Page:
Jean-François DÉMONET & Samuel PLANTON (Université de Lausanne / INSERM Toulouse)
Language and the brain : twenty years of functional brain imaging
2012, Vol. XVII-2, pp. 9-18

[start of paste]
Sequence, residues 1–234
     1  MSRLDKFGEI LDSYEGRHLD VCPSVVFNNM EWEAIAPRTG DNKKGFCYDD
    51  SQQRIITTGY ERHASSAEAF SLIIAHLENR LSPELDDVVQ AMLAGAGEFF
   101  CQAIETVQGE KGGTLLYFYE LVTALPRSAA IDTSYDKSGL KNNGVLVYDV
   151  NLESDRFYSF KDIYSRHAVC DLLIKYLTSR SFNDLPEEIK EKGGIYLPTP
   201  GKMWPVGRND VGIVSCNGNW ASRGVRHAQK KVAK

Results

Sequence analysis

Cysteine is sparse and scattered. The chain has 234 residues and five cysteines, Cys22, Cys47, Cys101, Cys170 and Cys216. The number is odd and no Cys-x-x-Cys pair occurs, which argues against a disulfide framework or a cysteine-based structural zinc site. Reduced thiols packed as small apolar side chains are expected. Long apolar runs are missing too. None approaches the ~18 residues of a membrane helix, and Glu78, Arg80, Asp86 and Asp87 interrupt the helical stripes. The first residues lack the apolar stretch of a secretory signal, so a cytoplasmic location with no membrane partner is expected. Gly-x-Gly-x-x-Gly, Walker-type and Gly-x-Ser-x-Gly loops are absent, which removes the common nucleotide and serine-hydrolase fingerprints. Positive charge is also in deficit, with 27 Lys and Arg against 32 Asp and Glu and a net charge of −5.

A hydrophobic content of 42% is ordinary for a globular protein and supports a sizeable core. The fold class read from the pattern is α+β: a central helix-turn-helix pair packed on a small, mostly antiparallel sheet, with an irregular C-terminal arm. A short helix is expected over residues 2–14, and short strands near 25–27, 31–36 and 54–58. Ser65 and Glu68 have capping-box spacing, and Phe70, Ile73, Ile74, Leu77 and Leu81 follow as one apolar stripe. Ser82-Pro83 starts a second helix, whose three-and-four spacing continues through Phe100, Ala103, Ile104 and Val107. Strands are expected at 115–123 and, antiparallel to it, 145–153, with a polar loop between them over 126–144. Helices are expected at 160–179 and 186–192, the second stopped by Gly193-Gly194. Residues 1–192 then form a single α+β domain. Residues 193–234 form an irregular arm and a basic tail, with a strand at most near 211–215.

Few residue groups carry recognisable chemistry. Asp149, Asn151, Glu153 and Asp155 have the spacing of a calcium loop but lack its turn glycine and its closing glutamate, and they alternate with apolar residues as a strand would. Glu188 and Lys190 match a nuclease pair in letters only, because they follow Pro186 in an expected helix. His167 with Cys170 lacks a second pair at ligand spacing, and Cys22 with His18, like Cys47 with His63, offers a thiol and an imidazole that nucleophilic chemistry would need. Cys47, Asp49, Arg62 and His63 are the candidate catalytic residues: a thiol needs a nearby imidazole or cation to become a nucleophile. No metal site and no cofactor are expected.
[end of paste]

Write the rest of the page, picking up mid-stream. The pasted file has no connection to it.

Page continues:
The immense amount of brain imaging data that have accumulated over the 20 past years relating to language functions and brain activities/structures now make it possible to realize meta-analyses so that main trends of structure-function relationships can be outlined. While the bedrock of knowledge built upon the early studies of aphasia has not been disproven by brain imaging studies, the latter yielded refined insights on the functions of some specific parts of the cortical regions that support language abilities such as the main structure involved in speech production and comprehension, reading, or those supporting phonological, lexical semantic and syntactical processes. However, technical limitations of brain imaging, especially its relatively bad signal-to-noise ratio, as well as the number of factors, amongst which unknown ones, that account for the inter-individual variability in neural responses to a given task or stimulus type, make analyses at the individual level still a challenge. It may be that the quest of brain images of language will remain an infinite one just as the study of language itself.